8. 3. Join: Performs classic relational join. Vertica sup- ports both hash join and merge join algorithms which are capable of externalizing if necessary. All flavors of INNER, LEFT OUTER, RIGHT OUTER, FULL E OUTER, SEMI, and ANTI joins are supported. C BC C C E 4. ExprEval: Evaluate an expression 5. Sort: Sorts incoming data, externalizing if needed. 6. Analytic: Computes SQL-99 Analytics style windowed aggregates ED F E E 7. Send/Recv: Sends tuples from one node to another. Both broadcast and sending to nodes based on segmen- tation expression evaluation is supported. Each Send and Recv pair is capable of retaining the sortedness of the input stream. ABC Vertica’s operators are optimized for the sorted data that DECDE BC the storage system maintains. Like C-Store, significant care F E EDEF has been taken and implementation complexity has been added to ensure operators can operate directly on encoded data, which is especially important for scans, joins and cer- tain low level aggregates. The EE has several techniques to achieve high perfor- mance. Sideways Information Passing (SIP) has been ef- E fective in improving join performance by filtering data as C BC C C E early as possible in the plan. It can be thought of as an E E E DEC BC advanced variation of predicate push down since the join is being used to do filtering [27]. For example, consider a HashJoin that joins two tables using simple equality predi- cates. The HashJoin will first create a hash table from the inner input before it starts reading data from the outer input ABC to do the join. Special SIP filters are built during optimizer ABCD E planning and placed in the Scan operator. At run time, the F D E Scan has access to the Join’s hash table and the SIP filters are used to evaluate whether the outer key values exist in DECDE BC the hash table. Rows that do not pass these filters are not F E EDEF output by the Scan thus increaseing performance since we are not unnecessarily bringing the data through the plan only to be filtered away later by the join. Depending on the join type, we are not always able to push the SIP filter to the Scan, but we do push the filters down as far as possi- ble. We can also perform SIP for merge joins with a slightly different type of SIP filter beyond the scope of this paper. A BC The EE also switches algorithms during runtime as it ob- serves data flowing through the system. For example, if Vertica determines at runtime the hash table for a hash join A B CDE F will not fit into memory, we will perform a sort-merge join C E instead. We also institute several “prepass” operators to CD A compute partial results in parallel but which are not required AE CDE F for correctness (see Figure 3). The results of prepass opera- tors are fed into the final operator to compute the complete Figure 3: Plan representing a SQL query. The query result. For example, the query optimizer plans grouping op- plan contains a scan operator for reading data fol- erations in several stages for maximal performance. In the lowed by operators for grouping and aggregation fi- first stage, it attempts to aggregate immediately after fetch- nally followed by a filter operation. The StorageU- ing columns off the disk using an L1 cache sized hash table. nion dispatches threads for processing data on a set When the hash table fills up, the operator outputs its cur- of ROS containers. The StorageUnion also locally rent contents, clears the hash table, and starts aggregating resegments the data for the above GroupBys. The afresh with the next input. The idea is to cheaply reduce the ParallelUnion dispatches threads for processing the amount of data before sending it through other operators in GroupBys And Filters in parallel. the pipeline. Since there is still a small, but non-zero cost to run the prepass operator, the EE will decide at runtime to 1797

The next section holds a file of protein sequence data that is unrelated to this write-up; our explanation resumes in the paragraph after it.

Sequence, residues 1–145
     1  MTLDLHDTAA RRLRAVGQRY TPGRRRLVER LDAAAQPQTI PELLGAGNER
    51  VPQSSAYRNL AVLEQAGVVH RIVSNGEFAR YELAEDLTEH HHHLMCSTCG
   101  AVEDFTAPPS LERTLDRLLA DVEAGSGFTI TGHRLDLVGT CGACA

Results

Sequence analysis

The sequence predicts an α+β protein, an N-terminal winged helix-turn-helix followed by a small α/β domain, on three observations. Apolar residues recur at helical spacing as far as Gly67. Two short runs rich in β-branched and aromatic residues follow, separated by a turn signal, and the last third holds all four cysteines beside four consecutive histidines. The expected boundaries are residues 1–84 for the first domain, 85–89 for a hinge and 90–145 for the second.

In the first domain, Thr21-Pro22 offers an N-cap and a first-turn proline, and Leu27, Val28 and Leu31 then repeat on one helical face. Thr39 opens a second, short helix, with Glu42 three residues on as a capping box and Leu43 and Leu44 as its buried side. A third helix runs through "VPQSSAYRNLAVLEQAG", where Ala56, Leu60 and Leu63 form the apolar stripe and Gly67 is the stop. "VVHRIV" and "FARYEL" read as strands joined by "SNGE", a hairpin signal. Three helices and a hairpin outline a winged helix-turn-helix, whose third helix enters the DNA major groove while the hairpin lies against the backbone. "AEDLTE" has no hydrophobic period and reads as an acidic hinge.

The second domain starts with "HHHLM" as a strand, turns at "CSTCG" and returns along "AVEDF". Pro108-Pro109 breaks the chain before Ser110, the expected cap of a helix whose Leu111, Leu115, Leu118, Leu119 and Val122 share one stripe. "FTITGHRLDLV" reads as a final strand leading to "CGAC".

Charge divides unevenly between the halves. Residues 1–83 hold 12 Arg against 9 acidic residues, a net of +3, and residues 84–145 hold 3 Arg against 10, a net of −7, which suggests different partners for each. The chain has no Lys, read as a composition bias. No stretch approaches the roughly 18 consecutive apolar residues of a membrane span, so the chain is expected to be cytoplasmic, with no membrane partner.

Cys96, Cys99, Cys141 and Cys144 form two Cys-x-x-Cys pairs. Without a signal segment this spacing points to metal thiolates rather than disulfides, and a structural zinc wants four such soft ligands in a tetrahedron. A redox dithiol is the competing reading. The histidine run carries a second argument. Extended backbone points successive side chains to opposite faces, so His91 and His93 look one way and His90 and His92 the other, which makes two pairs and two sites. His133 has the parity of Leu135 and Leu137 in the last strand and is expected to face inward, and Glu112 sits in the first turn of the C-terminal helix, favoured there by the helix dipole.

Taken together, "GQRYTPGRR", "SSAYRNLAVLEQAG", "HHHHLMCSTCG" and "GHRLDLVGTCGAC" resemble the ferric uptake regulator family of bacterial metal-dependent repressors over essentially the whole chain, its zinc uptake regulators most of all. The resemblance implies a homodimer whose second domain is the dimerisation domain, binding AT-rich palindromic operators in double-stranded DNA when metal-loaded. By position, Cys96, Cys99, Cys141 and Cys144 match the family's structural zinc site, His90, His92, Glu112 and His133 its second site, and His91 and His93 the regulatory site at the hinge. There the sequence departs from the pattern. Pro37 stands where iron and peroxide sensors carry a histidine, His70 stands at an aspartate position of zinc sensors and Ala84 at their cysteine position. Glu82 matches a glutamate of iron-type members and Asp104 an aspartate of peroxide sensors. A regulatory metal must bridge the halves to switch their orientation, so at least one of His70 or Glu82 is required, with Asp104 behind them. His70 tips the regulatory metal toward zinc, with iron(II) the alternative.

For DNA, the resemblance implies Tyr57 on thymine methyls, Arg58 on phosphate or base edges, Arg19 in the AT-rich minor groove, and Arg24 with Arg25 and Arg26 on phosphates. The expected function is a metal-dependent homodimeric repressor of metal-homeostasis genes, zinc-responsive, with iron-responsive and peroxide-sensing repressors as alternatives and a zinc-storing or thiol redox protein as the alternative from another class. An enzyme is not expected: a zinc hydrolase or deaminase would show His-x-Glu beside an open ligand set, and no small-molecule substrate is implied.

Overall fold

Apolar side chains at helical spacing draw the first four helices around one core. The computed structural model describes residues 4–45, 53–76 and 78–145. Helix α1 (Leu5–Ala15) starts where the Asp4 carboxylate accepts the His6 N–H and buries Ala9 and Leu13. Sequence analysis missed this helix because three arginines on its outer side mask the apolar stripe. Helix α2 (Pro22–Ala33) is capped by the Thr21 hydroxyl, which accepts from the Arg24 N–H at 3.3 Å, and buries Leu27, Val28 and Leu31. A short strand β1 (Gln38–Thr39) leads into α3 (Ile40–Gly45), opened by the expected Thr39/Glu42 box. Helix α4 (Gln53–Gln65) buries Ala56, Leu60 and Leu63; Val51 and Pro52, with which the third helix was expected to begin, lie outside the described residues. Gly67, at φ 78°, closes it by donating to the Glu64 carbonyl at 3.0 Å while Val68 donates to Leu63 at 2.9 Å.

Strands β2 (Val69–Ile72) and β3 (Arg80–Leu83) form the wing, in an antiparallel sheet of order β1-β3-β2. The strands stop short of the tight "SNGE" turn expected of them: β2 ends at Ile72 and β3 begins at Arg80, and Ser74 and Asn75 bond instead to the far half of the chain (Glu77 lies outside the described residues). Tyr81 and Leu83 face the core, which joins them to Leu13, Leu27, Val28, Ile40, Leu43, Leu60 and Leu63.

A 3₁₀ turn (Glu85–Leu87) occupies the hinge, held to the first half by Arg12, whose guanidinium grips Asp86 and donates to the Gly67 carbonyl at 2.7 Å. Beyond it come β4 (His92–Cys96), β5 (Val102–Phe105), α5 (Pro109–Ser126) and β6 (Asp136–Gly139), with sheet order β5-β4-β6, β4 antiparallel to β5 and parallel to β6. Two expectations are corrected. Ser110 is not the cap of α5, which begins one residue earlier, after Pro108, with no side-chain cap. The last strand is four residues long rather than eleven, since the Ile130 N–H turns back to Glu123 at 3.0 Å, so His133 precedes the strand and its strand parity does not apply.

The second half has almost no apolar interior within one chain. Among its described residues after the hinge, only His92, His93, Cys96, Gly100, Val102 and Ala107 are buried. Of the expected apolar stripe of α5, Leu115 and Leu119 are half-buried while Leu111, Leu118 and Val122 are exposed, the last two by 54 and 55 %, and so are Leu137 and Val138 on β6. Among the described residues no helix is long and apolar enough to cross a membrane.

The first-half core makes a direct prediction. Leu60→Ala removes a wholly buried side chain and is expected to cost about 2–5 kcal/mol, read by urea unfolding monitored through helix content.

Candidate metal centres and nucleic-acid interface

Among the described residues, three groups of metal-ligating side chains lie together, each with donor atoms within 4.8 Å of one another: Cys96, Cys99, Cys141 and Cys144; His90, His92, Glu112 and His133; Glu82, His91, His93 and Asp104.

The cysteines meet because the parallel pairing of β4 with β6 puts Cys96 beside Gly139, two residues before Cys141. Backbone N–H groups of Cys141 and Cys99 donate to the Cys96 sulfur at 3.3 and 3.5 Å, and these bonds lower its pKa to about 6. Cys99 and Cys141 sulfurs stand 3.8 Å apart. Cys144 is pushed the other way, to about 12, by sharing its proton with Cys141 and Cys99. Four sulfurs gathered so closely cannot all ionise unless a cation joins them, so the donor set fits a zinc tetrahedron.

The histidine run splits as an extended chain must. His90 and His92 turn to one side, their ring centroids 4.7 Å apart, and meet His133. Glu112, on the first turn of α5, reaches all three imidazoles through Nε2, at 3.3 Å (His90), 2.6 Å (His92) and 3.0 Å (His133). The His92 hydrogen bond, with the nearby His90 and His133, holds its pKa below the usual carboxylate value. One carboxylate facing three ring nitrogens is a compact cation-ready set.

9.stop if it is not actually reducing the number of rows which snowflake designs. The information of a star schema is of- pass. ten requested through (star) queries that join fact tables During query compile time, each operator is given a mem- with their dimensions. Efficient plans for star queries are to ory budget based on the resources available given a user de- join a fact table with its most highly selective dimensions fined workload policy and what each operator is going to do. first. Thus, the most important process in planning a Ver- All operators are capable of handling arbitrary sized inputs, tica StarOpt query is choosing and joining projections with regardless of the memory allocated, by externalizing their highly compressed and sorted predicate and join columns, buffers to disk. This is critical for a production database to to make sure that not only fast scans and merge joins on ensure users queries are always answered. One challenge of a compressed columns are applied first, but also that the car- fully pipelined execution engine such as Vertica’s is that all dinality of the data for later joins is reduced. operators must share common resources, potentially causing Besides the described StarOpt and columnar-specific tech- unnecessary spills to disk. In Vertica, the plan is separated niques described above, StartOpt and two other Vertica op- into multiple zones that can not be executing at the same timizers described later also employ other techniques to take time4 . Downstream operators are able to reclaim resources advantage of the specifics of sorted columnar storage and previously used by upstream operators, allowing each oper- compression, such as late materialization[8], compression- ator more memory than if we pessimistically to assumed all aware costing and planning, stream aggregation, sort elimi- operators would need their resources at the same time. nation, and merge joins. Many computations are data type dependent and require Although Vertica has been a distributed system since the the code to branch to type specific implementations at query beginning, StarOpt was designed only to handle queries whose runtime. To improve performance and reduce control flow tables have data with co-located projections. In other words, overhead, Vertica uses just in time compilation of certain projections of different tables in the query must be either expression evaluations to avoid branching by compiling the replicated on all nodes, or segmented on the same range of necessary assembly code on the fly. data on their join keys, so the plan can be executed locally Although the simplest implementation of a pull execution on each node and the results sent to to the node that the engine is a single thread, Vertica uses multiple threads for client is connected to. Even with this limitation, StarOpt processing the same plan. For example, multiple worker still works well with star schemas because only the data of threads are dispatched to fetch data from disk and perform large fact tables needs to be segmented throughout the clus- initial aggregations on non overlapping sections of ROS con- ter. Data of small dimension tables can be replicated every- tainers. The Optimizer and EE work together to combine where without performance degradation. As many Vertica the data from each pipeline at the required locations to get customers demonstrated their increasing need for non-star correct answers. It is necessary to combine partial results queries, Vertica developed its second generation optimizer, because alike values are not co-located in the same pipeline. StarfiedOpt 5 as a modication to StarOpt. By forcing non- The Send and Recv operators ship data to the nodes in star queries to look like a star, Vertica could run the StarOpt the cluster. The send operator is capable of segmenting the algorithm on the query to optimize it. StarifiedOpt is far data in such as way that all alike values are sent to the same more effective for non-star queries than we could have rea- node in the cluster. This allows each node’s operator to sonably hoped, but, more importunately, it bridged the gap compute the full results independently of the other nodes. to optimize both star and non-star queries while we designed In the same way we fully utilize the cluster of nodes by and implemented the third generation optimizer: the custom dividing the data in advantageous ways, we can divide the built V2Opt. data locally on each node to process data in parallel and The distribution aware V2Opt 6 , which allows data to be keep the all the cores fully utilized. As shown in Figure 3, transferred on-the-fly between nodes of the cluster during multiple GroupBy operators are run in parallel requesting query execution, is designed from the start as a set of exten- data from the StorageUnion which resegments the data such sible modules. In this way, the brains of the optimizer can that the GroupBy is able to compute complete results. be changed without rewriting lots of the code. In fact, due to the inherent extensible design, knowledge gleaned from 6.2 Query Optimization end-user experiences has already been incorporated into the C-Store has a minimal optimizer, in which the projections V2Opt optimizer without a lot of additional engineering ef- it reaches first are chosen for tables in the query, and the join fort. V2Opt plans a query by categorizing and classifying order of the projections is completely random. The Vertica the query’s physical-properties, such as column selectivity, Optimizer has evolved through three generations: StarOpt, projection column sort order, projection data segmentation, StarifiedOpt, and V2Opt. prejoin projection availability, and integrity constraint avail- StarOpt, the initial Vertica optimizer, was a Kimball-style ability. These physical-property heuristics, combined with a optimizer[18] which assumed that any interesting warehouse pruning strategy using a cost-model, based on compression schema could be modeled as a classic star or snowflake. A aware I/O, CPU and Network transfer costs, help the opti- star schema classifies attributes of an event into fact tables mizer (1) control the explosion in search space while contin- and descriptive attributes into dimension tables. Usually, a uing to explore optimal plans and (2) account for data dis- fact table is much larger than a dimension table and has a tribution and bushy plans during the join order enumeration many-to-one relationship with its associated descriptive di- phase. While innovating on the V2Opt core algorithms, we mension tables. A snowflake schema is an extension of a star also incorporated many of the best practices developed over schema, where one or more dimension tables has many-to- one relationships with further descriptive dimension tables. 5 This paper uses the term star to represent both star and US patent 8,086,598, Query Optimizer with Schema Con- version 4 6 Separated by operators such as Sort Pending patent, Modular Query Optimizer 1798